FROM COMMONWEALTH

Chang-Diaz discontinues campaign: The Democratic candidate for governor said she is discontinuing her campaign but keeping her name on the ballot while campaigning for other candidates who share her progressive ideals. Read more.

Childcare politics: Grants that sustained the state’s childcare industry through the pandemic are scheduled to expire this month, and Gov. Charlie Baker, who supports extending the funding for another year, can’t seem to get on the same page with legislative leaders, who have different ideas. Read more.

Gas tax holiday: Gov. Charlie Baker said he supported President Biden’s call for suspension of the gas tax at the federal and state level, but key Democrats on Beacon Hill did not. House Speaker Ron Mariano and Senate President Karen Spilka said they worried oil companies would not pass along the tax cut to drivers. Read more.

Millionaire tax summary approved: The Supreme Judicial Court let stand the summary of the millionaire tax constitutional amendment that was approved by Attorney General Maura Healey’s office, deciding not to get into the issue of whether the money raised will actually go to education and transportation. The unanimous decision said the summary, which will appear on the November ballot, “fairly informs” voters on how it will work and isn’t required to get into legal analysis or interpretation. Read more.

Mail-in voting now permanent: Bucking the stance of many members of his own party, Gov. Charlie Baker signed into law a bill making vote by mail permanent. Read more.

Strong support for low-income fare: A new poll finds support gaining for a discount for low-income riders on the MBTA and regional transit agencies, with 56 percent of the state’s residents strongly supportive and 27 percent somewhat supportive. Read more.

OPINION

The case for a low-income fare: Chelsea City Manager Tom Ambrosino and Maria Belen Power of GreenRoots urge the Legislature to provide funding to the MBTA and regional transportation agencies for a discount for low-income riders. Read more.

FROM AROUND THE WEB

 

MUNICIPAL MATTERS  

Protesters disrupt Boston Mayor Michelle Wu’s coffee hour at Ronan Park in Dorchester and police arrest one man after a violent altercation. (Dorchester Reporter)

Neighbors of a church in Centerville on the Cape say a cell phone transmitter inside the steeple is making them sick. (Cape Cod Times)

ELECTIONS

A UMass Lowell poll finds that most residents have never heard of the Democratic candidates for lieutenant governor, auditor, or attorney general. It also finds that Democrat Maura Healey continues to lead the race for governor. (MassLive)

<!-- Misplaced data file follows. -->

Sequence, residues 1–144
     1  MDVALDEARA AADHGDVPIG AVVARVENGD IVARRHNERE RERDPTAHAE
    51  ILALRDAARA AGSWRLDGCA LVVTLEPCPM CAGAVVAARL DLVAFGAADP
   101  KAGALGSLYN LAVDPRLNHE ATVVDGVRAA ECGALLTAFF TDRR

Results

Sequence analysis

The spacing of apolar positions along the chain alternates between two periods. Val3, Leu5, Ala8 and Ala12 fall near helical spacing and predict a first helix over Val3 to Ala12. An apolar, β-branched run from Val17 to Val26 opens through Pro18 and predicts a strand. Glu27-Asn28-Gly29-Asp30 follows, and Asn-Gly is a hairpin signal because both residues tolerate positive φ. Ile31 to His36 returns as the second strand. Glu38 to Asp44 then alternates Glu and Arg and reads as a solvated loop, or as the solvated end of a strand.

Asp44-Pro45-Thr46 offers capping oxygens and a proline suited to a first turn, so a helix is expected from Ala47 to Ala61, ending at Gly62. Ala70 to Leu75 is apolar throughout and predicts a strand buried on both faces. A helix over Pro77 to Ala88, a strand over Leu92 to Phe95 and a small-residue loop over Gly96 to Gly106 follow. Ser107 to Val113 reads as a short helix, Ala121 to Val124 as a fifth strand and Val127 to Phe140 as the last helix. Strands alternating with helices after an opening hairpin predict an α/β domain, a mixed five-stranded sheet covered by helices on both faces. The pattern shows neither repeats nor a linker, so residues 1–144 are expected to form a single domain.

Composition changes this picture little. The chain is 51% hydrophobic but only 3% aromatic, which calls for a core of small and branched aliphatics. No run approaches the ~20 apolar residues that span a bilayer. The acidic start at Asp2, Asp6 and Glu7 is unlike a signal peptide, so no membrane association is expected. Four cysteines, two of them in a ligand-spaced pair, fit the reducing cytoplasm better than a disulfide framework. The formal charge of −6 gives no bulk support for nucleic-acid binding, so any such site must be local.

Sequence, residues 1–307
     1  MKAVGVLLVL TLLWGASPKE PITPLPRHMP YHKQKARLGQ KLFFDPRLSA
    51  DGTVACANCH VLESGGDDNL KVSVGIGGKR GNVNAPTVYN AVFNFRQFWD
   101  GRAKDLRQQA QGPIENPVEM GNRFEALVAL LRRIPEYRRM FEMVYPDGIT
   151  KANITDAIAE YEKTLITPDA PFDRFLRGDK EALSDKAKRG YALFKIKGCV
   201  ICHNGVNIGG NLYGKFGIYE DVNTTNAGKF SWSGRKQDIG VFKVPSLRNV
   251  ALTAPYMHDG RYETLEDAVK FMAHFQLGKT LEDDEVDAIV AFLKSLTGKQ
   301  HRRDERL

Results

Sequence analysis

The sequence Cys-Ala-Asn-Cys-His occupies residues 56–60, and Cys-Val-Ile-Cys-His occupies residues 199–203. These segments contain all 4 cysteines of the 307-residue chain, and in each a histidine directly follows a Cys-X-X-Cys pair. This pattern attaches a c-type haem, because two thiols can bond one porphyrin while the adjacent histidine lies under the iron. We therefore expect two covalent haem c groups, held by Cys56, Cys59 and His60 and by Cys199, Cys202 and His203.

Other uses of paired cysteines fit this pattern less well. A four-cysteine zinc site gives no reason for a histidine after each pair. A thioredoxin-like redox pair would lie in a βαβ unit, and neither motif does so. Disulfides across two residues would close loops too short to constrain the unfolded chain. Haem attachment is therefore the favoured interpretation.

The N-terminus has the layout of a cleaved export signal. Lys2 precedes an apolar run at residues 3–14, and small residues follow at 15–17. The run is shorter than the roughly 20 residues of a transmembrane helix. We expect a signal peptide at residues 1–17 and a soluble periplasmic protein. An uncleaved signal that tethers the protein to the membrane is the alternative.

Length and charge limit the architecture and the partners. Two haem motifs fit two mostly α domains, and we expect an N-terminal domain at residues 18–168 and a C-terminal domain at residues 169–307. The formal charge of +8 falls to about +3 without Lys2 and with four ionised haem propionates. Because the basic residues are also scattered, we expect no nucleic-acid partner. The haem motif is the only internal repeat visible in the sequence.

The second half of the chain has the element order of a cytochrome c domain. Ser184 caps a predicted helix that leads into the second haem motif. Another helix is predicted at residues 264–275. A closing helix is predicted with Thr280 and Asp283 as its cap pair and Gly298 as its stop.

BUSINESS/ECONOMY

A new Harvard University report says would-be homeowners in Boston need to be making $181,000 a year to afford a home purchase. (Boston Globe)

Worcester County’s homeless population jumped 45 percent over the last year, largely because of a lack of affordable housing. (MassLive)

EDUCATION

Negotiations between the state and Boston on oversight of the city’s schools appear to have hit a snag over three issues – the overall structure of the agreement, timelines for some steps, and the hiring of an independent data auditor. In one letter from Boston Mayor Michelle Wu that was obtained via a public records request, the mayor said the two sides appeared to be moving farther apart. (Boston Globe)

TRANSPORTATION

The MBTA said a “battery failure” on one out-of-service new Orange Line vehicle prompted the shutdown of all new Orange and Red Line cars, but transportation safety experts say the failure was most likely a battery explosion. (Boston Globe)

Boston Globe columnist Joan Vennochi asks why no one on Beacon Hill is finding out what’s taking so long for a plant in Springfield to turn out new Red and Orange Line cars for the MBTA and why those cars keep getting pulled off subway lines. 

A Berkshire Eagle editorial says a temporary resolution to a long-running bridge closure should be a wakeup call for the entire state on how it supports infrastructure projects.

New Bedford starts the planning for development around its two new commuter rail stations providing links to Boston. (Standard-Times)

CRIMINAL JUSTICE/COURTS

A federal jury awarded $650,000 to a construction worker who was reported to immigration authorities after he suffered an injury at work. (Boston Globe)

A 24-year-old woman gets probation and loses her license for 15 years after she pleads guilty to motor vehicle homicide in the death of a Northampton musician. (Daily Hampshire Gazette)

A new US Supreme Court ruling could make it harder for people in New England to sue federal law enforcement agencies who violate their rights during warrantless searches. (USA Today)

MEDIA

Semafor prepares to launch as a global digital news organization with $25 million in funding from wealth investors. (New York Times)